Tim Lincecum Is Healthy Again, But His Stuff Doesn’t Seem to Have Improved

I’ve been reading about Tim Lincecum‘s “showcase” today, and I’m just not as impressed as some of the sports writers seem to be.  Instead, it sounds like after all the time spent getting his hips fixed and oh so slow process of getting himself to full health, he’s got the same stuff that made him at best a mediocre fourth or strong fifth starter before he got hurt.

Tim threw two sessions, the first 20 pitches, the second 21 pitches.  His fastball was consistently in the 88-91 mph range and reportedly “touched” 92 mph, meaning, I assume, that one or two of his fastballs hit that speed.  Not impressive.  A fastball consistently in the 88 to 91 mph range isn’t going to cut it unless Lincecum’s command improves significantly over where it was the three and half seasons before he got hurt.

His curve ball and his slider reportedly looked good, but his change up didn’t, and there were mixed opinions as to the quality of his command.  Grant Bisbee over at the McCovey Chronicles does a nice job of providing a lot of video footage so you can see for yourself how Lincecum looked.

The consensus seems to be that Lincecum will certainly get a major league deal, particularly in light of his proven ability to pitch in terms of the mental aspects of the occupation.  However, my distillation of what I read is that the best role for Tim is probably something similar to that of Yusmeiro Petit — long relief and spot starting.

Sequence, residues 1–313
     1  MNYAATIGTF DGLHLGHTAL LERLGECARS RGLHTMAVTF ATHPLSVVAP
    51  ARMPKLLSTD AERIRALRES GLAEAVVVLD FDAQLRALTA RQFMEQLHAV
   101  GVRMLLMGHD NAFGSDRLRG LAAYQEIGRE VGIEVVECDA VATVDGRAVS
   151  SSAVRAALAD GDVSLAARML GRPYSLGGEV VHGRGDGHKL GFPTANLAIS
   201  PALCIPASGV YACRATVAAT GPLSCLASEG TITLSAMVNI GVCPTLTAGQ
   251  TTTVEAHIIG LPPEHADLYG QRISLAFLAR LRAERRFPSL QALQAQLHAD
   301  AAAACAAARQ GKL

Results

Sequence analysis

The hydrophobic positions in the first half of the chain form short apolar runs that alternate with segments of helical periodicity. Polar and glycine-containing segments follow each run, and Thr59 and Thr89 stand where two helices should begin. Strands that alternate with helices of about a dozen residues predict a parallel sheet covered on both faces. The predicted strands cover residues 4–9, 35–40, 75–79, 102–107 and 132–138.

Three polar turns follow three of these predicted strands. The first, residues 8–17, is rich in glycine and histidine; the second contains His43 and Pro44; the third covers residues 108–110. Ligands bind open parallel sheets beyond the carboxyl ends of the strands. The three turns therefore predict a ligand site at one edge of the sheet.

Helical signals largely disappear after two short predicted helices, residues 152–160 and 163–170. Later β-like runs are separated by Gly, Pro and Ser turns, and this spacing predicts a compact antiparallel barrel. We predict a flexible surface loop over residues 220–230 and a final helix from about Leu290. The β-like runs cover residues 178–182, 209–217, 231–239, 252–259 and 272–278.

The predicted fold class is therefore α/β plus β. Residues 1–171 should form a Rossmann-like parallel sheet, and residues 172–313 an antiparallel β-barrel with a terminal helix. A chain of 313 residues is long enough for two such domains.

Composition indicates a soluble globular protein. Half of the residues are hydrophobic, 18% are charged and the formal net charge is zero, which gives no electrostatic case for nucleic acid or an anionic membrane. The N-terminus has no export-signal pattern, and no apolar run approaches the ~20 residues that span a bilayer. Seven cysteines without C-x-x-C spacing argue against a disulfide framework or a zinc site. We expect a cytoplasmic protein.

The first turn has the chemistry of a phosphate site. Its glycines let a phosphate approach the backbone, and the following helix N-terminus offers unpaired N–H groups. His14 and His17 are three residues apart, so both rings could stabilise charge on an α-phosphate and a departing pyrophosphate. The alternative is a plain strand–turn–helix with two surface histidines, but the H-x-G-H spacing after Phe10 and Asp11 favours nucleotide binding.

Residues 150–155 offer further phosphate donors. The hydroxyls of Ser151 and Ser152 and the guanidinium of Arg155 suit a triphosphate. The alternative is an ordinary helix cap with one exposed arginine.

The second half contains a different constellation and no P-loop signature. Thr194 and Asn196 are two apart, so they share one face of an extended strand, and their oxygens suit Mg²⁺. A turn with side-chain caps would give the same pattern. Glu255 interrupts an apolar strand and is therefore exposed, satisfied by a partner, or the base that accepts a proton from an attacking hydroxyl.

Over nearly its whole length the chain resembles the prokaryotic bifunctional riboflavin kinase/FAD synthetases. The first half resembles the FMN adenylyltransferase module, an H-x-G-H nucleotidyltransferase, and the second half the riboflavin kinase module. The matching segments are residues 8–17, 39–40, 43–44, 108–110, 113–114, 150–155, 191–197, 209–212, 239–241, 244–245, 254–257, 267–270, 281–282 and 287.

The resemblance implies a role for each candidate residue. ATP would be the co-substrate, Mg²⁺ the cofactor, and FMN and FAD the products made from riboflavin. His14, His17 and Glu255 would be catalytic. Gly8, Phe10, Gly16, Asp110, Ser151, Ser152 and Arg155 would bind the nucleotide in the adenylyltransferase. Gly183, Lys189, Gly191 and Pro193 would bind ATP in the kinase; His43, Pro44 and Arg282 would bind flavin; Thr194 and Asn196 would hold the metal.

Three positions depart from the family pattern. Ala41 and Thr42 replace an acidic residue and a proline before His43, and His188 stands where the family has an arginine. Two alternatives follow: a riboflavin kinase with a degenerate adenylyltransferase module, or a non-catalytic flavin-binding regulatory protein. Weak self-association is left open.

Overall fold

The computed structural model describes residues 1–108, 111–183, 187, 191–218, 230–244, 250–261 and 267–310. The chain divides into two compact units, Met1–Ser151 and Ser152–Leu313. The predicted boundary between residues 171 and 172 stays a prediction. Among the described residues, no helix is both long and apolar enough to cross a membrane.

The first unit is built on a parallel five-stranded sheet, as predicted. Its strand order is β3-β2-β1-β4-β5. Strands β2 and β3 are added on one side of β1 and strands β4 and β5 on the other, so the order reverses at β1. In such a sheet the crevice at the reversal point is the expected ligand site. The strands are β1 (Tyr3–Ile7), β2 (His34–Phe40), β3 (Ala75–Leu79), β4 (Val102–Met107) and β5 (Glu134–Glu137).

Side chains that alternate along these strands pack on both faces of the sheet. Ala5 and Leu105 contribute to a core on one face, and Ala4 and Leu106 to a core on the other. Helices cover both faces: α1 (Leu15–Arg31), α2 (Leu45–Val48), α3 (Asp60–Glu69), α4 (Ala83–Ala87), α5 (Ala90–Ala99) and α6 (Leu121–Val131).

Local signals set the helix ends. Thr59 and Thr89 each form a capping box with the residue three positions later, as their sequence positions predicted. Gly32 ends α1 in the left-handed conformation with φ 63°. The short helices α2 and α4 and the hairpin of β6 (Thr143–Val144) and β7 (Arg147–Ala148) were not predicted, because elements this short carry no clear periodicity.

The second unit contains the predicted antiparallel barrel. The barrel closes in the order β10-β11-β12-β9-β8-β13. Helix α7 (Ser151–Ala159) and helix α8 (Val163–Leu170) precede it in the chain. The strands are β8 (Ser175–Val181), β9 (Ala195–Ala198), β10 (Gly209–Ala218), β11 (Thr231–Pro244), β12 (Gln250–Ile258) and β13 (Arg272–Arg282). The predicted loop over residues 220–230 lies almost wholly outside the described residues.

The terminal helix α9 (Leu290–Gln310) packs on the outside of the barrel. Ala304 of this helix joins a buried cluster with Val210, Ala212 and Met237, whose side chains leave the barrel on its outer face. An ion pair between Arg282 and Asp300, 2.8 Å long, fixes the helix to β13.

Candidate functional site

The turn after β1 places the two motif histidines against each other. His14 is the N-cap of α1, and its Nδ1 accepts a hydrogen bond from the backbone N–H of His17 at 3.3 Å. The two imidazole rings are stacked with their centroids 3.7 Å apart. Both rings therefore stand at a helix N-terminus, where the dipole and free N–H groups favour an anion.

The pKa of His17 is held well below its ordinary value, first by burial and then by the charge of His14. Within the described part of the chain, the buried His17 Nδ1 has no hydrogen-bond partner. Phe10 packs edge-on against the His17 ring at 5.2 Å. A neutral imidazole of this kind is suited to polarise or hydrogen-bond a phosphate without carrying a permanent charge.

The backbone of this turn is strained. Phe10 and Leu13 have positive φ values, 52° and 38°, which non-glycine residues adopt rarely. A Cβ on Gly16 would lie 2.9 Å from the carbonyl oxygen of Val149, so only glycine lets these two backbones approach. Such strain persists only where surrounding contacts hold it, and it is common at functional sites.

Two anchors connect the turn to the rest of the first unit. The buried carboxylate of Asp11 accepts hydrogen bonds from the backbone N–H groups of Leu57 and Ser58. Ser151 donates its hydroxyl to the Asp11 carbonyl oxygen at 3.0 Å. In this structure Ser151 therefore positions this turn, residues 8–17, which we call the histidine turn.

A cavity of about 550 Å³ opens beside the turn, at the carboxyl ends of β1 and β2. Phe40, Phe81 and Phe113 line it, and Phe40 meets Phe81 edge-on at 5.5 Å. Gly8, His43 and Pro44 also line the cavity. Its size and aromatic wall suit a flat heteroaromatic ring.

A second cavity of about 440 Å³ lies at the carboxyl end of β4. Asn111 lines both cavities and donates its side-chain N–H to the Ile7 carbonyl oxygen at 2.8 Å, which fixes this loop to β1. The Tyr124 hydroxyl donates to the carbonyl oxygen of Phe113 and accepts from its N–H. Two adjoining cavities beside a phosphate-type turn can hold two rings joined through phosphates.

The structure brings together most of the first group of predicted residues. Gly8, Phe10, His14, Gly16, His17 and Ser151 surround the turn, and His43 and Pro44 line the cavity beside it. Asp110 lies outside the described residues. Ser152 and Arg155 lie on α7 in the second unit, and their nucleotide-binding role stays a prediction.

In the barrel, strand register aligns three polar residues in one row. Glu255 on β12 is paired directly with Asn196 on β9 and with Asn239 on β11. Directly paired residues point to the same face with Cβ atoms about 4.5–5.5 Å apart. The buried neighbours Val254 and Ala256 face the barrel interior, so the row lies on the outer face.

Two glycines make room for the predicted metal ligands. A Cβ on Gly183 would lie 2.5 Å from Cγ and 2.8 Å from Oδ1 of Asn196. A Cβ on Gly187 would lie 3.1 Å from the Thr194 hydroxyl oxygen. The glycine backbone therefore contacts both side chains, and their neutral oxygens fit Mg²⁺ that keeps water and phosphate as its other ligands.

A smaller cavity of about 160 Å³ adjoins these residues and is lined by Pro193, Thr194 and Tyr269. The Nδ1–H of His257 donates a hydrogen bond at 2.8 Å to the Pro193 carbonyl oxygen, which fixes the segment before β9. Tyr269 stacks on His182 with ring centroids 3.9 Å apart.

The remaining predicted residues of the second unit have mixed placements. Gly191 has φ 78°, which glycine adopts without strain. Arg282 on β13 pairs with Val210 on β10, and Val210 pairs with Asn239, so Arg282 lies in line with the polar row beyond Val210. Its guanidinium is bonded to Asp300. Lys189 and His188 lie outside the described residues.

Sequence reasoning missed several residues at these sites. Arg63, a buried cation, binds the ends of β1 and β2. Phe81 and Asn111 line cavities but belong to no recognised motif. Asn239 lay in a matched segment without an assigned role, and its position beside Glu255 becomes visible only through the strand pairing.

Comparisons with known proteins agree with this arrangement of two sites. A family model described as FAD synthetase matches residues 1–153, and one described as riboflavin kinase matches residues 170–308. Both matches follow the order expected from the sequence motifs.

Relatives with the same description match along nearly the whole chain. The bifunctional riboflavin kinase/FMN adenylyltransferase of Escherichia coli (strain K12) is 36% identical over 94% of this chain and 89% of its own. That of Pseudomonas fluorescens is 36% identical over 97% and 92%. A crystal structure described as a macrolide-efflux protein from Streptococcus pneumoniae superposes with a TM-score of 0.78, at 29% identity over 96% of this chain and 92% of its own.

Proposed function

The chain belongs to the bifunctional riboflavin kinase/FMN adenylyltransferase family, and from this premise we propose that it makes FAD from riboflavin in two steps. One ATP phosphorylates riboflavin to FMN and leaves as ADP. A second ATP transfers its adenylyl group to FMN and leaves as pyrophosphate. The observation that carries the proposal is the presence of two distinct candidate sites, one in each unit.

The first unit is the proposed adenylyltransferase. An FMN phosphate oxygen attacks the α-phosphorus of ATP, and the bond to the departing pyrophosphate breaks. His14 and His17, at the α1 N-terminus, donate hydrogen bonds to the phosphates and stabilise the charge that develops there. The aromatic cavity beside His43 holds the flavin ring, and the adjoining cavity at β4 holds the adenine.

That said, there have to be teams that need a better fourth or fifth starter than what they have now, including most particularly the Giants, where Jake Peavy and Matt Cain have been absolutely brutal, with just two quality starts in 12 starts and three times that many absolute blastings.

 

Explore posts in the same categories: San Francisco Giants, Washington Nationals

One Comment on “Tim Lincecum Is Healthy Again, But His Stuff Doesn’t Seem to Have Improved”

  1. Burly Says:

    The latest reports are that the Angels signed Lincecum to a one-year deal at $2.5 million pro-rated for the rest of the season, with another $1.7 million in possible performance bonuses. This is a good deal for the Angels, as fifth starters are worth more than what Tim will be costing the team, even if he earns all the bonuses.


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